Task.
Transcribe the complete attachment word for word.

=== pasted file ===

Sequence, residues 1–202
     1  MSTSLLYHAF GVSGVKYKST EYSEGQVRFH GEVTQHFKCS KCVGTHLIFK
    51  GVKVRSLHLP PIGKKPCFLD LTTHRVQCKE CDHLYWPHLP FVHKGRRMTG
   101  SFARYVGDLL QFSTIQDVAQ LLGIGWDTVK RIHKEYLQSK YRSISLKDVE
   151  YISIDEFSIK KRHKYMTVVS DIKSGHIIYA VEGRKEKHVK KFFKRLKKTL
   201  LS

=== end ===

Sequence, residues 1–202
     1  MSTSLLYHAF GVSGVKYKST EYSEGQVRFH GEVTQHFKCS KCVGTHLIFK
    51  GVKVRSLHLP PIGKKPCFLD LTTHRVQCKE CDHLYWPHLP FVHKGRRMTG
   101  SFARYVGDLL QFSTIQDVAQ LLGIGWDTVK RIHKEYLQSK YRSISLKDVE
   151  YISIDEFSIK KRHKYMTVVS DIKSGHIIYA VEGRKEKHVK KFFKRLKKTL
   201  LS